New Delhi: What is an ‘ideal’ reaction for a civilian during an encounter between militants and government forces? What does one expect to do when every bullet and shell raining from different sides can leave you dead in a fraction of seconds? To run for your life or stay for death?

In Kashmir, this question is irrelevant. At least for those thousands of locals who rush towards encounter sites, totally aware that many of them might end up as corpses. But that fear doesn’t seem to exist.   

Not only are locals using loudspeakers to boost the morale of militants by raising pro-freedom slogans, according to reports, they are also marching to live encounters zones with whatever they can lay their hand on – sticks, stones, axes, spades and iron rods – to save the militants and let them break the cordon. This comes as a departure from the early years of militancy in the valley when people would flee encounter spots, leaving everything behind, and return only to the smoldering debris of the damaged houses when the soldiers were gone.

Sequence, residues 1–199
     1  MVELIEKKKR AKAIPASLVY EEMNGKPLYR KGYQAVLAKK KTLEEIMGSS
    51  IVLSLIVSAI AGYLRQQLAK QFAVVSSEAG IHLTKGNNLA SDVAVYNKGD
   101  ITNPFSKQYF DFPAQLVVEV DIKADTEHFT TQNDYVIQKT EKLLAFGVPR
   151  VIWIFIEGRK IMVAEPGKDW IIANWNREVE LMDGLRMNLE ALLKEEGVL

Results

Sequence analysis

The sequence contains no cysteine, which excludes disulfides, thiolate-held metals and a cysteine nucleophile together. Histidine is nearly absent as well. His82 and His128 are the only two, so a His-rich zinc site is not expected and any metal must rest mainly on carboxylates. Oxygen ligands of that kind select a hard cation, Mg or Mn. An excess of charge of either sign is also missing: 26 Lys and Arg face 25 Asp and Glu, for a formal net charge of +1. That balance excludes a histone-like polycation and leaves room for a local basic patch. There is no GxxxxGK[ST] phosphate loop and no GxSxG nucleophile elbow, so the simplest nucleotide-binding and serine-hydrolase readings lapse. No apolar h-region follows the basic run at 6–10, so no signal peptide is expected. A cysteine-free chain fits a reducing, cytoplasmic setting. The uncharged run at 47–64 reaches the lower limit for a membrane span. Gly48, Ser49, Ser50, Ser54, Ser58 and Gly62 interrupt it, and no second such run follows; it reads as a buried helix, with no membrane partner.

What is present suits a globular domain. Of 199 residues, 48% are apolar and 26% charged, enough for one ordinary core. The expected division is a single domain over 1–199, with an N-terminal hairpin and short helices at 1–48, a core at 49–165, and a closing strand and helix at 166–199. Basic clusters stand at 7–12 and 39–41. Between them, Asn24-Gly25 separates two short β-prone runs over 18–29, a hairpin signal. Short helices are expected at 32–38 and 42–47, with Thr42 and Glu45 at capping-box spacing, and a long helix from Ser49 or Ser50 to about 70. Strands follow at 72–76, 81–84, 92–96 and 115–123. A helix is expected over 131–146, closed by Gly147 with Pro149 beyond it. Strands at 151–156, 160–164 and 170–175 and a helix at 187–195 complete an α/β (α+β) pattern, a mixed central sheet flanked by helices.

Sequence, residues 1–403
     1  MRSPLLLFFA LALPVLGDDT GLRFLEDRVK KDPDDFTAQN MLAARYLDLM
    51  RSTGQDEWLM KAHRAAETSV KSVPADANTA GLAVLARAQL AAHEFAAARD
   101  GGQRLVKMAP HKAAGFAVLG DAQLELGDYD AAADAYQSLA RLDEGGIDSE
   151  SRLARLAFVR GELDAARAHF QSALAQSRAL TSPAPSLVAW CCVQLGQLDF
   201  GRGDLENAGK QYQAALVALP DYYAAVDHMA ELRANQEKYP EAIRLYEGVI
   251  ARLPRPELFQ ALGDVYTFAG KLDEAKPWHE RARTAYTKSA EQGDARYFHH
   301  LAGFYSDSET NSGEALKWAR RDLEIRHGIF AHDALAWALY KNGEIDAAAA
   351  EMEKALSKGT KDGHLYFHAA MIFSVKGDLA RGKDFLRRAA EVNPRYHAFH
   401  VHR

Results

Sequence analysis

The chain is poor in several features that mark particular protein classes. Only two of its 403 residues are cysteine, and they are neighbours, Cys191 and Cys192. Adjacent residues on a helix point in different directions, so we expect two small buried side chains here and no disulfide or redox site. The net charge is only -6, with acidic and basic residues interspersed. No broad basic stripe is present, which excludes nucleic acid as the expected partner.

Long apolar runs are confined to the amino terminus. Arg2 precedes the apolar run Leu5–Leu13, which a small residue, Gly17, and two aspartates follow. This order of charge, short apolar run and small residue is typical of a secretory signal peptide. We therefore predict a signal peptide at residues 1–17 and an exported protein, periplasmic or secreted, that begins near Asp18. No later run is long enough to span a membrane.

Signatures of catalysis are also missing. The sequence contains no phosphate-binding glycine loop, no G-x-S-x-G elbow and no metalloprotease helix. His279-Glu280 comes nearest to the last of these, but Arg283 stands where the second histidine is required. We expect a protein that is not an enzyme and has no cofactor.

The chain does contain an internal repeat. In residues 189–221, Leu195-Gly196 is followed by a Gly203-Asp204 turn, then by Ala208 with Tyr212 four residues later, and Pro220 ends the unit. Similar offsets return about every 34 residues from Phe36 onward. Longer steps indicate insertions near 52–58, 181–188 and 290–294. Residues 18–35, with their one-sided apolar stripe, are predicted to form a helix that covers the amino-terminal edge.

b’Soldiers board a vehicle after a gunbattle in Bandipora on Tuesday | Source: AFP’

This prompted Army chief Bipin Rawat on Wednesday to say that “those who obstruct our operations during encounters and are not supportive will be treated as overground workers of terrorists” adding “if they do not relent and create hurdle in our operations, then we will take tough action.”